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Monday, 19 September 2011

Unpaid costs revisited

Some folk take extraordinary measures to avoid
having to pay costs in OHIM oppositions ....
(photo: Gillo, who belongs to Eleonora Rosati)
With apologies for the delay, this backlogged Kat has finally managed to revert to a subject which continues to be of concern to many readers and which was also discussed in one of the workshop sessions at last week's MARQUES conference -- what can or should be done about unpaid costs orders? While this issue has been particularly annoying in the context of unsuccessful oppositions to Community trade mark applications, it is one that crops up in lots of other little corners of IP litigation too: a costs order is made and, often being considerably less than the actual costs incurred by the winning party, it is too small for its enforcement to be cost-effective -- which tempts the losing party to ignore it.

The Max Planck Institute's Study on the Overall Functioning of the European Trade Mark System, published earlier this year and noted by the IPKat here, addressed the unpaid costs order issue. The Study recognised the existence of the problem but lacked evidence as to its scale and addressed it in terms of facilitating enforcement in national courts as follows:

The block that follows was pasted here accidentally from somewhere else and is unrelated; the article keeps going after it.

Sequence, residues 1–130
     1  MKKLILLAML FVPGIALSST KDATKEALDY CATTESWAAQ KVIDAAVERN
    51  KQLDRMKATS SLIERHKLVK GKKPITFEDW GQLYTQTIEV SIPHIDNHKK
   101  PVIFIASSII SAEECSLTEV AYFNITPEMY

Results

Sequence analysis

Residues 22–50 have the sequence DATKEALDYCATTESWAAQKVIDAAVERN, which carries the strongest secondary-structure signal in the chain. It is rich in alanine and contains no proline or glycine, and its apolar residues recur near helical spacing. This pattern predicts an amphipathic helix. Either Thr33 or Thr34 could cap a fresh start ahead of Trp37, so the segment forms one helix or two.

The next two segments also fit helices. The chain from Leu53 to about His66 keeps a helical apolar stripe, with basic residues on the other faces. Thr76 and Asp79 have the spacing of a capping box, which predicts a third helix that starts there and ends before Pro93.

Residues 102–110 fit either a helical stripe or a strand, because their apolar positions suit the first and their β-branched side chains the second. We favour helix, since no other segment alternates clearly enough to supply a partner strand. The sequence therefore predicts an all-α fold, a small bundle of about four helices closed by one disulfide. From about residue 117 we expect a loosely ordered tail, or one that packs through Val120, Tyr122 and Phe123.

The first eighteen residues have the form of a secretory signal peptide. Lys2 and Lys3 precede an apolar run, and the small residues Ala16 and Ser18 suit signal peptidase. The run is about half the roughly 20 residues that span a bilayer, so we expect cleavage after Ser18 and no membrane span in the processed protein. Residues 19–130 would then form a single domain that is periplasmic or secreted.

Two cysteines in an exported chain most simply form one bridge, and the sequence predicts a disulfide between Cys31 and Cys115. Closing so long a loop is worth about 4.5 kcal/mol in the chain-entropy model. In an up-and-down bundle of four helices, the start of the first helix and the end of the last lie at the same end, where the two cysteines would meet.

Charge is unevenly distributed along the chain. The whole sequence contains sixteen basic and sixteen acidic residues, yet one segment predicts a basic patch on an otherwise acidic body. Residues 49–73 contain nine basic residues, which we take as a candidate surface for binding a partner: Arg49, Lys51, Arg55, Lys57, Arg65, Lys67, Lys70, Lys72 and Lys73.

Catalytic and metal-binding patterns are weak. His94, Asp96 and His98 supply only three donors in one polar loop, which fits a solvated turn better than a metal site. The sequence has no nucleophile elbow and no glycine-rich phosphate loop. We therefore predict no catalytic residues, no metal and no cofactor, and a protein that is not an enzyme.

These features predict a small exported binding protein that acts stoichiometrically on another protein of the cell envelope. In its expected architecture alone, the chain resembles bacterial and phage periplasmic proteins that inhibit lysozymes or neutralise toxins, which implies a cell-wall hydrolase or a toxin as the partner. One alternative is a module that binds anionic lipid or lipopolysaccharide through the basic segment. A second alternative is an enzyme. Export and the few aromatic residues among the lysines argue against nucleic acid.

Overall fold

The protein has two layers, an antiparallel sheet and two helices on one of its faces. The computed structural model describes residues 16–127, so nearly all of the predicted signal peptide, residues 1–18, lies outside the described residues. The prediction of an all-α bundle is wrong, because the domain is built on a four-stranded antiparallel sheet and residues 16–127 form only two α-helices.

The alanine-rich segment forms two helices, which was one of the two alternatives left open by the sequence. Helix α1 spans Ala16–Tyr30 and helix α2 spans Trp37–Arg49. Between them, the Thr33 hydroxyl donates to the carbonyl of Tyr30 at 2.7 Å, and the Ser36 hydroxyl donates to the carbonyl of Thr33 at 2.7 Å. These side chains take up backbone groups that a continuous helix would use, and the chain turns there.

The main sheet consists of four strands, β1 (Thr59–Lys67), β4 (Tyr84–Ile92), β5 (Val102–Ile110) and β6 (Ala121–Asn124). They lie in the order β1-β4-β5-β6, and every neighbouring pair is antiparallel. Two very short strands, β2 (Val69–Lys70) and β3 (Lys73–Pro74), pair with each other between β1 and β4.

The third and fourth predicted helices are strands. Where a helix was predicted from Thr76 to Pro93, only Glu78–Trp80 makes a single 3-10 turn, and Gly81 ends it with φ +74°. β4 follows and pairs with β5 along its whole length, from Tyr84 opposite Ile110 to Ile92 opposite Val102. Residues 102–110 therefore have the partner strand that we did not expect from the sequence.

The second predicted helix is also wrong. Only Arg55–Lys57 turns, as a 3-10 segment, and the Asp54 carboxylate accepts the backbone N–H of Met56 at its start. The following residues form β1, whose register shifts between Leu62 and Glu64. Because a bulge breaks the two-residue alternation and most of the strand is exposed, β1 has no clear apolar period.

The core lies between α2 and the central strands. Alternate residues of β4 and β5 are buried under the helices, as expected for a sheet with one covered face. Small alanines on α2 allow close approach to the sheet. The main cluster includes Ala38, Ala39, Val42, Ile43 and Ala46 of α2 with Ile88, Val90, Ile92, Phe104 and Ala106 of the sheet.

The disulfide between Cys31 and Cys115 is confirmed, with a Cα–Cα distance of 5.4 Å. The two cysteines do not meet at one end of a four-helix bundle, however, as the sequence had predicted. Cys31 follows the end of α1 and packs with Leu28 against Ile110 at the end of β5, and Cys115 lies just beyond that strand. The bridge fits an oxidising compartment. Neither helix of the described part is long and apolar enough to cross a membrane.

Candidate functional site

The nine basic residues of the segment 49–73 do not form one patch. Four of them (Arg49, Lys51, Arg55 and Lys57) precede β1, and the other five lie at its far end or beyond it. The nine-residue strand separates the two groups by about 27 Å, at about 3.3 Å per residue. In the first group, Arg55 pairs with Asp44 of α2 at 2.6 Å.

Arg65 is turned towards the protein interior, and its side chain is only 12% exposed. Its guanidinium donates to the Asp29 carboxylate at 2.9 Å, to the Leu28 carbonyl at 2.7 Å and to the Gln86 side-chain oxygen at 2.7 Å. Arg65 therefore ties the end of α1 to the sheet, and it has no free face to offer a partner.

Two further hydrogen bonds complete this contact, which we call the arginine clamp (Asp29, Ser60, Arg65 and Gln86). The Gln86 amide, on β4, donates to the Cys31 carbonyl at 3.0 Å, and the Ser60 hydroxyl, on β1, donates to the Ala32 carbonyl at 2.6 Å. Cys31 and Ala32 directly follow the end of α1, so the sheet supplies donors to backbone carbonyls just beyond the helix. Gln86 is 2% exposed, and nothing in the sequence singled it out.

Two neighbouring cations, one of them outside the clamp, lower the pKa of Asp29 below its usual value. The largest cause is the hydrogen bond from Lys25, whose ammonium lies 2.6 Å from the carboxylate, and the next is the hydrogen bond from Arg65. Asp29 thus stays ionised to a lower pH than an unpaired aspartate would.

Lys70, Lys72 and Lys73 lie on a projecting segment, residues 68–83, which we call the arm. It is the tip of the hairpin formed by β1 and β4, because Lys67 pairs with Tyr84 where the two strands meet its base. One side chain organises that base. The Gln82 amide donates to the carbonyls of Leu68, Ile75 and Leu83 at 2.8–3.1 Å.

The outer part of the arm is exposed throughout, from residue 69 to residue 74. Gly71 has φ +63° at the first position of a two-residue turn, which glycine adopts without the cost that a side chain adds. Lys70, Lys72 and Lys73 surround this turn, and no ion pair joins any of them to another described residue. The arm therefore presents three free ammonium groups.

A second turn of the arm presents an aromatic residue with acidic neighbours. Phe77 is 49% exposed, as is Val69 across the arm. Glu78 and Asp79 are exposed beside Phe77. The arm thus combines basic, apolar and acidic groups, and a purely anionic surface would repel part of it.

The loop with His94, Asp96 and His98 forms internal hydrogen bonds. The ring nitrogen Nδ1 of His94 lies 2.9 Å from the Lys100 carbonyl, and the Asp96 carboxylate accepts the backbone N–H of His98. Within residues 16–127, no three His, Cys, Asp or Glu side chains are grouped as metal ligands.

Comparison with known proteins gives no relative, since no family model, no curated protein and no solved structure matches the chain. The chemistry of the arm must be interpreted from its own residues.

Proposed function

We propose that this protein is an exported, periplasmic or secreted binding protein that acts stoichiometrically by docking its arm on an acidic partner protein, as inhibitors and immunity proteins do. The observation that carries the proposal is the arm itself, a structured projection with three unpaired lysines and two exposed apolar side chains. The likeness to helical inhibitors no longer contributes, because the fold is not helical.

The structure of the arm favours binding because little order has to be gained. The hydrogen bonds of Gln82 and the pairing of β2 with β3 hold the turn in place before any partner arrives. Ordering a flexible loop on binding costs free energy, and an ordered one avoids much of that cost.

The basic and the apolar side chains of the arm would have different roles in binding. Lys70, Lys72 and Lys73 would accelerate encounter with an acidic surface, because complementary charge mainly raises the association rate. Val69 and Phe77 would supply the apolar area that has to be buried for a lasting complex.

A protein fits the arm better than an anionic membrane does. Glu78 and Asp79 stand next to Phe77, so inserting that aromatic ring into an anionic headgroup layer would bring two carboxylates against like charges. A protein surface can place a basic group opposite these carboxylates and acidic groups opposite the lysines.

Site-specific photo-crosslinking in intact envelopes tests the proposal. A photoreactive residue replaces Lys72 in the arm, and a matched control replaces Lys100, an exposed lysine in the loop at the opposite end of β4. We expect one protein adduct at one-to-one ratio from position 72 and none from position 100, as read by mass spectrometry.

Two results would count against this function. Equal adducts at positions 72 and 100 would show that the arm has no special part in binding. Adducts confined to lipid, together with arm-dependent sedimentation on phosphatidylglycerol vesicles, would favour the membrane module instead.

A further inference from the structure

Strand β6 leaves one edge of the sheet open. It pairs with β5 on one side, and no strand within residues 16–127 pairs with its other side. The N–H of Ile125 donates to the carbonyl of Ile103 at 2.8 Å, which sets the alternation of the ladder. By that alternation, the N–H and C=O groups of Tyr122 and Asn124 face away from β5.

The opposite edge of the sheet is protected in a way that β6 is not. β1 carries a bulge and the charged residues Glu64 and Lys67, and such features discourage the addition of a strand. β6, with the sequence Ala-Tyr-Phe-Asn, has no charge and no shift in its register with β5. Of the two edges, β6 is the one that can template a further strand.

"Enforcing cost awards 
4.181 There are frequent complaints about the difficulties of enforcing cost awards against parties not voluntarily paying any costs imposed against them. Even though cost decisions constitute enforceable titles, the efforts necessary for recovering money awards from uncooperative debtors are rarely warranted in view of the expense involved and the low amount of costs actually awarded. 
4.182 No reliable statistics exist showing the number of cases where debtors do not pay the costs awarded against them. Without such evidence it would appear difficult to propose solutions which would unsettle the current system. For example, it would not appear appropriate to raise the amount of costs that can be awarded merely to make an eventual enforcement procedure more realistic. 
4.183 It seems possible nevertheless to improve the current situation without changing the amounts. 
4.184 For example, not all Member States appear to have designated the competent authority for making the enforcement order, as provided for in Article 86 (2) CTMR.  ...  According to Article 86 (2) CTMR, the designated authority must be communicated to the Court of Justice and to the Office. ... [I]t would seem appropriate that the Member States must designate a single authority. Furthermore, all the details of communicating with this authority should be made available.